And I just don’t understand why. I’m a firm believer in “the key to p.r. is honesty, honesty, honesty,” so why not say, “Look, here they are. War is bloody. There’s going to be civilian casualties. Here’s what they are. We’ll give it to you month to month.” And then it wouldn’t be this big scary unknown, where you have all these wild speculations that range from hundreds of thousands to a few thousand. And, I think even what they have is not a complete picture, but at least it would be a starting point. And I think it would work to [the military’s] advantage because it would be far smaller than some of these estimates that have been put out there.
Iraqis don’t keep their money in banks because after the invasion of Kuwait, Saddam closed the banks, and when they reopened, people found that instead of the dinar being, whatever it was, one to three dollars to the dinar, that they were getting two thousand dinars to the dollar. After that they generally kept their money at home, and in hundred dollar bills. So often Iraqi houses have a surprising amount of cash in them, but this is the total savings of an extended family. Like anywhere else in the world where people keep large sums of money in their house, they are afraid of someone stealing it.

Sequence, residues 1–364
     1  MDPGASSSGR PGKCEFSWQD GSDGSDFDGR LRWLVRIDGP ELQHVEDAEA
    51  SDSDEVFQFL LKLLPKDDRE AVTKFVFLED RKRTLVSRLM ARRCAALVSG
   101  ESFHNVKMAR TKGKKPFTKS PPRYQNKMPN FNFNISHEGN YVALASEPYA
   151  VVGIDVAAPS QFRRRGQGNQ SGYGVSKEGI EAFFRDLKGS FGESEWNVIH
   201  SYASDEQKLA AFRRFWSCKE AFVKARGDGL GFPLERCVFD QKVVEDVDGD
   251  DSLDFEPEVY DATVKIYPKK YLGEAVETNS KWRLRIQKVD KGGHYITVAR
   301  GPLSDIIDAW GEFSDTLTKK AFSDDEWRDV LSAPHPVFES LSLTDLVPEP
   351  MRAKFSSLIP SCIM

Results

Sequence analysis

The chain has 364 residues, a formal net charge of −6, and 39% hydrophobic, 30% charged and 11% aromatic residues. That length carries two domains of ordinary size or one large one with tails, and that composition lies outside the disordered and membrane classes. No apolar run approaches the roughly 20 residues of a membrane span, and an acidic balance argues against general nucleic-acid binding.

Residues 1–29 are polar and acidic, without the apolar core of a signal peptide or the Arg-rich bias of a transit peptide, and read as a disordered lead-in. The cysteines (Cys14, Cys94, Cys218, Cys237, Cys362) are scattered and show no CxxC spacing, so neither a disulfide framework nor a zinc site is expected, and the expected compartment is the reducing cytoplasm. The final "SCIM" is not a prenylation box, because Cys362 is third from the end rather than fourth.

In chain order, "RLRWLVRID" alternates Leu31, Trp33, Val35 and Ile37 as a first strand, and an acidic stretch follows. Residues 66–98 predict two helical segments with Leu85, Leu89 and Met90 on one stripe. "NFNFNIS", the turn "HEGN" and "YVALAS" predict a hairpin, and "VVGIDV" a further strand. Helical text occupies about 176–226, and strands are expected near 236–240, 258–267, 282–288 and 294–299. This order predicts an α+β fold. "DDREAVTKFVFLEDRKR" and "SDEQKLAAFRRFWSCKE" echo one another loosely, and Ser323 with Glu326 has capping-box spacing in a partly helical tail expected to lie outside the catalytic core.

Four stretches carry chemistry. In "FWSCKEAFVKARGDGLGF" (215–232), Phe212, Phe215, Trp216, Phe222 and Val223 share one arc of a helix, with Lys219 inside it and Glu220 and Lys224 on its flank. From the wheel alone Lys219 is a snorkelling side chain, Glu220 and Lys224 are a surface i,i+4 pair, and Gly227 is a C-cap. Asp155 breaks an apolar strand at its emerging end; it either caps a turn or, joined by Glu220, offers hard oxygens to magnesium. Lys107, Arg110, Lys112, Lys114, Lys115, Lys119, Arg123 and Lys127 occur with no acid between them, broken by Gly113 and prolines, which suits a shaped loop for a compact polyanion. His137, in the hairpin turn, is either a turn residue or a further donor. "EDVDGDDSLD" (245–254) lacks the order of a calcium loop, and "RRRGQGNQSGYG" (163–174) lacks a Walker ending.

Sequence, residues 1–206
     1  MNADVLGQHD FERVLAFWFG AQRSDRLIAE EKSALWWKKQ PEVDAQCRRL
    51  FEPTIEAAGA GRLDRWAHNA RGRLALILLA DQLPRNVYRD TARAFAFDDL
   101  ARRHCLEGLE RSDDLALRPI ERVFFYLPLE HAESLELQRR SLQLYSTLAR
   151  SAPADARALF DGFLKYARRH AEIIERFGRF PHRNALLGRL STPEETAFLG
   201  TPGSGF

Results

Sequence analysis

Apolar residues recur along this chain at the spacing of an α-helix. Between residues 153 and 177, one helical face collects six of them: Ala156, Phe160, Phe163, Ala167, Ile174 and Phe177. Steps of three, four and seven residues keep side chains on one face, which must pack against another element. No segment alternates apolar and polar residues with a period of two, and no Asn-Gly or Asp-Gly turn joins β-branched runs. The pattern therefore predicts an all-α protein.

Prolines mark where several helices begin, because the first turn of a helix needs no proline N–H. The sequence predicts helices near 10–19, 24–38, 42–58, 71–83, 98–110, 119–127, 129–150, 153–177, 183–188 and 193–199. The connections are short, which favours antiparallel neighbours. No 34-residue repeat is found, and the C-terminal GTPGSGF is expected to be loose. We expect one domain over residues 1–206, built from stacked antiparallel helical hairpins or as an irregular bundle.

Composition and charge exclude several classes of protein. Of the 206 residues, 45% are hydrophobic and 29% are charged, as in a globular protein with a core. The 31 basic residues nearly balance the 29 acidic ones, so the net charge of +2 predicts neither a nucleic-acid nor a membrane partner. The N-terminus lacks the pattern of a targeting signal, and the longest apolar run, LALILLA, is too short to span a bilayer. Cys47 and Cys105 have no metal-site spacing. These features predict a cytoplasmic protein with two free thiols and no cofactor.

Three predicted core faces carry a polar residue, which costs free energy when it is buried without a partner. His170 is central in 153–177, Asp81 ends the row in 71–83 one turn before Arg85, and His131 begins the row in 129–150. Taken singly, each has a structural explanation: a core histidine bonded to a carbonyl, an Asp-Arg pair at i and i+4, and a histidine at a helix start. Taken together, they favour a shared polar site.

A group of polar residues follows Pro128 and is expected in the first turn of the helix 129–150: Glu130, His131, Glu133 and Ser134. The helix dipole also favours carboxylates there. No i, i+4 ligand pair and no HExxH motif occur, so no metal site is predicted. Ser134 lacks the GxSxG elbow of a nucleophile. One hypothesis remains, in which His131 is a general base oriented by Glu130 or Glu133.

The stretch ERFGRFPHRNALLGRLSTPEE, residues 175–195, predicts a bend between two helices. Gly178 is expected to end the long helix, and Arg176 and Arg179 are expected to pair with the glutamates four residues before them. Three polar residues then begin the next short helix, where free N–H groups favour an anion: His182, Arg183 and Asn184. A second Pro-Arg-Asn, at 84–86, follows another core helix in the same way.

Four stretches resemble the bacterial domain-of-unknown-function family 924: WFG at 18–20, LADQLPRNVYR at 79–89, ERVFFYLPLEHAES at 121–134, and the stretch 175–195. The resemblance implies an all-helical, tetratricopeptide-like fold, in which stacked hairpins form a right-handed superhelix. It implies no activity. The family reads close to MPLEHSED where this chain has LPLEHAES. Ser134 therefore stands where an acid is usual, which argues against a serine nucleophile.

So if you knock on their door at two in the morning, they’re likely to answer it, and they’re all armed with guns. The U.S. military didn’t seem to realize this, so when the door was answered by an Iraqi with a gun, he was often shot dead — totally innocent farmers or businessmen or whatever. This created an enormous outrage at the time.
A country doesn’t want to believe that an army they sent overseas, their brothers and sons and fathers, have done bad things. It’s very hard to get the home country to accept that fact. And that’s not just in America. You see this in other places that have sent armies places. Every time there is a war, a nation goes in here with the whole mythology, and the whole rationale. It’s very difficult to work in anything that contradicts the mythology.